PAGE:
You head back to the kitchen to grab a cup of water and a snack. You open the fridge and find all the food in its proper place. The squeeze bottles are in the door. The produce is in the drawers. The poultry is on the bottom shelf. The packaged food is on the second shelf. Dairy items are up top.
You’re at ease. There’s nothing for you to do except relax.
If you walk into a home as clean and organized as this everyday, you can stop reading now...
If this isn’t your reality, but you would like it to be, I’ll let you in on a little secret. Afterall, this is the experience Dia and I share every single Monday night.
No, we are not a couple of serial killers with a severe case of OCD.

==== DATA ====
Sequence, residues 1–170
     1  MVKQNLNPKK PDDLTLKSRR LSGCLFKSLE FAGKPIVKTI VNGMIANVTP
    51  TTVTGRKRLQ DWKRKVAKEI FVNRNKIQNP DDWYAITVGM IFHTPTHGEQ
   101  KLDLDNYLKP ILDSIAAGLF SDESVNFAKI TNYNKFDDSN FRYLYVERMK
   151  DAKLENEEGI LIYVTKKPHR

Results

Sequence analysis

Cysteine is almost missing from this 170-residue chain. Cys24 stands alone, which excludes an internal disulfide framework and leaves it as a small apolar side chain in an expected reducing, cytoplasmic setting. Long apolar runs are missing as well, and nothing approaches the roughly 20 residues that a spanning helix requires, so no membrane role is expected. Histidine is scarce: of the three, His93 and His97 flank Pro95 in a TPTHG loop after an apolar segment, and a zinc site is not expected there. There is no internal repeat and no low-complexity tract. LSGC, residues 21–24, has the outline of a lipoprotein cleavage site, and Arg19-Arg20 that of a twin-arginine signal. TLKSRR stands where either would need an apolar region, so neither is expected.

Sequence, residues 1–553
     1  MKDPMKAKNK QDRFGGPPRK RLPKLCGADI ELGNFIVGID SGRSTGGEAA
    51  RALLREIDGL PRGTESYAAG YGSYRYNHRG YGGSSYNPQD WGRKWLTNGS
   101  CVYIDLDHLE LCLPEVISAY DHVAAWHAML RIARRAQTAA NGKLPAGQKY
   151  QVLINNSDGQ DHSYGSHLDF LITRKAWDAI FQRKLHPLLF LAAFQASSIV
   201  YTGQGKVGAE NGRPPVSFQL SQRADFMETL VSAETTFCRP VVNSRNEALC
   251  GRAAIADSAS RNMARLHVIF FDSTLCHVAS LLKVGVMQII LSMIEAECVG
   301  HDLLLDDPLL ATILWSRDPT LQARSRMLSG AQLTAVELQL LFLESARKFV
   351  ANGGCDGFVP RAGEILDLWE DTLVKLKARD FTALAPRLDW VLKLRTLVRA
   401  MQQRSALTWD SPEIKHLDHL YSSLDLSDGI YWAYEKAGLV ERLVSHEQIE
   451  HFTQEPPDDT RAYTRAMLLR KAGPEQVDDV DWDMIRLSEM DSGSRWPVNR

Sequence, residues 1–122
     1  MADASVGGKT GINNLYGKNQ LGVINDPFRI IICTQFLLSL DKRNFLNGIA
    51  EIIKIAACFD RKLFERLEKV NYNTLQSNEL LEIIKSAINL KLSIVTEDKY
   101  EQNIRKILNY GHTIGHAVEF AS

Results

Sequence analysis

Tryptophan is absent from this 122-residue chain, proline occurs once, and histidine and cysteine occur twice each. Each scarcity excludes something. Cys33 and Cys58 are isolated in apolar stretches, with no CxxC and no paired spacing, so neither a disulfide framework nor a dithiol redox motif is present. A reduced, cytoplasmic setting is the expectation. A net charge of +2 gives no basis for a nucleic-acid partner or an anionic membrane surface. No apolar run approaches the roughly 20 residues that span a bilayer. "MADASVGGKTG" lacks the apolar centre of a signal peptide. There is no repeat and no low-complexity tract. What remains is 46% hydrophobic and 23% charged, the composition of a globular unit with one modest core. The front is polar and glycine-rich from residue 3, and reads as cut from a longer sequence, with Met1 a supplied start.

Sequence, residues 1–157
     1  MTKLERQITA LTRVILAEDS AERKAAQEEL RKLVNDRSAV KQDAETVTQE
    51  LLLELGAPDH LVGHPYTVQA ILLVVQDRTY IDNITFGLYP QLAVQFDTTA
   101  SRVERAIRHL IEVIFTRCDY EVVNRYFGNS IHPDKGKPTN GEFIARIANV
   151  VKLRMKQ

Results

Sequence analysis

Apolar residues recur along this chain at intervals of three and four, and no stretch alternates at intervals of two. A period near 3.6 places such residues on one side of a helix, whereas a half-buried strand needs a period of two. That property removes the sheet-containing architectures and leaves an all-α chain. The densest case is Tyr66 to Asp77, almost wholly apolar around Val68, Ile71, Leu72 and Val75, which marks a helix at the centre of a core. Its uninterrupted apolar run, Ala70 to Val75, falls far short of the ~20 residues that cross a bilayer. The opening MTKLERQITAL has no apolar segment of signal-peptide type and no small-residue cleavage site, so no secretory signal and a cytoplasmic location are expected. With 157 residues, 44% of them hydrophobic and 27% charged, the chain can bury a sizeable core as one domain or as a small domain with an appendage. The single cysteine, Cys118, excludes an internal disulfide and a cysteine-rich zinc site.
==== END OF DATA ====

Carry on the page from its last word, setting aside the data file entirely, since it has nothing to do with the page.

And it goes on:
We have a housekeeper. She comes every Monday to clean our home and do our laundry while we are at work. It’s the best. thing. ever.
How We Got Here:
Dia and I have an amazing marriage and I could not imagine a better partner to walk through life with.
Completing household chores has been a point of contention in our relationship ever since we moved out of my parent’s place. I take full blame. I cannot help but keep score when it comes to completing tasks around the house.
I try really hard to be “the perfect husband”, but when it comes to cleaning, I turn into the annoying college roommate that constantly complains about how seemingly uneven the workload is.
When we moved into our first place back in the summer of 2016, we were both so enthusiastic about keeping everything clean and organized. The motivation wore off quickly.
So we came up with a system. We started by writing a list of all the tasks that needed to be done around the house. Then we categorized each task into a frequency: daily, weekly, and monthly.
Here’s a sample of what the list looked like: